Today's a big day for those of us obsessed with battery tech, with two new technologies in the works which promise to increase capacity for power packs -- if they manage to make it to market.
Up first is a new spin on the traditional lithium battery, which uses sulfur as part of the cathode in the cell instead of the more traditional metal oxides used today. To solve a decades-old challenge, a nanoscale carbon structure is used to trap liquefied sulfur, keeping the sulfur in electrical contact in sufficient surface area to work as a component of the battery.
The upshot is that the new sulfur-based design can theoretically store three times the energy of a traditional lithium-ion battery of the same size. And since sulfur is in such abundance -- sulfur is a by-product of oil and gas production and the stuff piles up in small mountains outside many refineries -- there's certainly no worry that we'll run out of it in the foreseeable future. Patents have been filed.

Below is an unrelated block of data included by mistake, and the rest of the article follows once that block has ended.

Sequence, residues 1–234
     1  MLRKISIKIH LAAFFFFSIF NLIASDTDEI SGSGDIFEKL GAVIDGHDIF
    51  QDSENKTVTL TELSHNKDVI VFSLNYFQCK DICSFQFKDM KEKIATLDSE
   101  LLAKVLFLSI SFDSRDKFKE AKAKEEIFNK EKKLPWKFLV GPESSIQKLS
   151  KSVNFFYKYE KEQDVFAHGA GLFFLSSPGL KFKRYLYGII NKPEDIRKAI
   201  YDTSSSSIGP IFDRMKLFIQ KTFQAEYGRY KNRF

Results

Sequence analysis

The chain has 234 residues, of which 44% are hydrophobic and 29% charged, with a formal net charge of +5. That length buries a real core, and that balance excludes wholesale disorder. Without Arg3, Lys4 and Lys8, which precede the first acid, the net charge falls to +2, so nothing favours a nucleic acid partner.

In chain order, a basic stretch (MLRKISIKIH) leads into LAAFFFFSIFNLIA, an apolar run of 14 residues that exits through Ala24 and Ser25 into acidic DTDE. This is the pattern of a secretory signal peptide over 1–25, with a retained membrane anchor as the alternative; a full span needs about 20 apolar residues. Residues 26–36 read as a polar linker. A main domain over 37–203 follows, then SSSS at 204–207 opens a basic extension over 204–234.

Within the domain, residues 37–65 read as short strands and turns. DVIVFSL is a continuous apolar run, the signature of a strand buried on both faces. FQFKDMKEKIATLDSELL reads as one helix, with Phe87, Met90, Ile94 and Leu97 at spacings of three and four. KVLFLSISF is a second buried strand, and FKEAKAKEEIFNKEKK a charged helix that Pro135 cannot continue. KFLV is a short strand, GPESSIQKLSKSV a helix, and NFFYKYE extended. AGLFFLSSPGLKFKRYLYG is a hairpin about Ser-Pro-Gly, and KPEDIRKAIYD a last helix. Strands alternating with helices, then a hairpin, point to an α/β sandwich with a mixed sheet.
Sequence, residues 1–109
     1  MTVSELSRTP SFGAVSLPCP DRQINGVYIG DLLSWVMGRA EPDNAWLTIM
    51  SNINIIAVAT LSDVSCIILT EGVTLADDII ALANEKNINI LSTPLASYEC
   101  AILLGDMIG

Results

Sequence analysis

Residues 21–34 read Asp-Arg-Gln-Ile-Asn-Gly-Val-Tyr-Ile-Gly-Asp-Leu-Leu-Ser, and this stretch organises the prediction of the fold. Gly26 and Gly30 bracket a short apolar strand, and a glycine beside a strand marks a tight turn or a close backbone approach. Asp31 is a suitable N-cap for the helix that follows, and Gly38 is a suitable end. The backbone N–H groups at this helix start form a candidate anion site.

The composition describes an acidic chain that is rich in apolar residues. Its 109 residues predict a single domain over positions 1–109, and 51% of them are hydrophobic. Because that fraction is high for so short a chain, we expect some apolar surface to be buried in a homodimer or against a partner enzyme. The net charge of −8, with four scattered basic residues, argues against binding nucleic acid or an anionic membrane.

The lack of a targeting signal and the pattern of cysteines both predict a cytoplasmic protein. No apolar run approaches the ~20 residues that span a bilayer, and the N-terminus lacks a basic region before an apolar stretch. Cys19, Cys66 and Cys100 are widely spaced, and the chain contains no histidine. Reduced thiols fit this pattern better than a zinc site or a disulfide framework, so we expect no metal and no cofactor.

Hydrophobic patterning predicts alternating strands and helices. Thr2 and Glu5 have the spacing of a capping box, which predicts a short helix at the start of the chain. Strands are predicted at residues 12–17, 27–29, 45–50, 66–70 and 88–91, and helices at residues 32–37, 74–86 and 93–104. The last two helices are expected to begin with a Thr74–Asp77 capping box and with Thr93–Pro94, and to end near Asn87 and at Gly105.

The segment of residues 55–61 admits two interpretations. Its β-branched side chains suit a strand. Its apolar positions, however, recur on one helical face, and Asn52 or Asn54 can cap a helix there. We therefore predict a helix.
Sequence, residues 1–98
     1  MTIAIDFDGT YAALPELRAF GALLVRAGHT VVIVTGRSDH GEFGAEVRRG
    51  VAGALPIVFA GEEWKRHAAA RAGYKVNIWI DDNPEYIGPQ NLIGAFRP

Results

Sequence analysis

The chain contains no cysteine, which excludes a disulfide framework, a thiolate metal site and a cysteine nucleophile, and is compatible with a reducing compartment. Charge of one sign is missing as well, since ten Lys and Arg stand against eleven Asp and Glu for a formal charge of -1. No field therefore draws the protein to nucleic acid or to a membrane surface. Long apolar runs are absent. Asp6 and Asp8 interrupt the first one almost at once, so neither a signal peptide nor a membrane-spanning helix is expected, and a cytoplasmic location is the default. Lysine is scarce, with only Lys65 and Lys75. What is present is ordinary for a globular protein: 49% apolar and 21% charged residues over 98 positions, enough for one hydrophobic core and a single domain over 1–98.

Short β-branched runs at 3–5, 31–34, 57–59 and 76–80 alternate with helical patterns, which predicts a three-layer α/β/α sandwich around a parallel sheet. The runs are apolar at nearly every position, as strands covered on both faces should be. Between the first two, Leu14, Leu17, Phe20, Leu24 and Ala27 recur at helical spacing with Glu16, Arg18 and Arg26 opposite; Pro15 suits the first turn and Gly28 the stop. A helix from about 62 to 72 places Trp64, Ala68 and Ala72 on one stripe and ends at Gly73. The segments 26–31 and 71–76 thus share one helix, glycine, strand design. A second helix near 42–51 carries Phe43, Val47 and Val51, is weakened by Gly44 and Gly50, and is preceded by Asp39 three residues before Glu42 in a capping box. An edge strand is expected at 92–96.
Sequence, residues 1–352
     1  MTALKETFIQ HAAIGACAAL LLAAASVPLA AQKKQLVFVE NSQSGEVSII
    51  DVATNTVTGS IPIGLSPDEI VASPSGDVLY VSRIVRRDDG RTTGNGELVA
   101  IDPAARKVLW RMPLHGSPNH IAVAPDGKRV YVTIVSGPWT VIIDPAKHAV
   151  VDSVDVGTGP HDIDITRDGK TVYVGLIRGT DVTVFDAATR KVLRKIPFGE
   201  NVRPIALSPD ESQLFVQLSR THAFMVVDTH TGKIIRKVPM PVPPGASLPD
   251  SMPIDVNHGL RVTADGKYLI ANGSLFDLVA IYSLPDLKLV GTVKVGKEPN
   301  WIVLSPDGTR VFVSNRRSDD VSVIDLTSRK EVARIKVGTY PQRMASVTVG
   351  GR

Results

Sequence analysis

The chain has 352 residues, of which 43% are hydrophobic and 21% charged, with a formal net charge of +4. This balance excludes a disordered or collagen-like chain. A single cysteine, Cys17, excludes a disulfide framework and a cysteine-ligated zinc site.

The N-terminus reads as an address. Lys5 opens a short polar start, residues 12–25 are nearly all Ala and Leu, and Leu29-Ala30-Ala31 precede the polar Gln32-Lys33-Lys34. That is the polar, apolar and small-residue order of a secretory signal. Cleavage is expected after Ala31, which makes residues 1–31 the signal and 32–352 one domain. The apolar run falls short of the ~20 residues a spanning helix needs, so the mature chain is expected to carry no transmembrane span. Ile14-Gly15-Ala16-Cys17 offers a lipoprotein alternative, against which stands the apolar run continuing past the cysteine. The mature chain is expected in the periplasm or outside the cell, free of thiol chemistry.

Battery breakthrough #2 involves the use of technology that would allow batteries to be recharged by simple exposure to the air. Also using a carbon lattice like the lithium-sulfur cell described above, oxygen molecules are drawn from the air and become trapped in the matrix for use as part of the chemical reaction in the battery. When spent, the battery can draw in more oxygen, allowing a sort of natural recharging to occur as the battery operates and giving it a theoretical running time up to 10 times that of a non-air-based cell. And, because air is weightless, the battery cell is lighter than a typical chemical cell.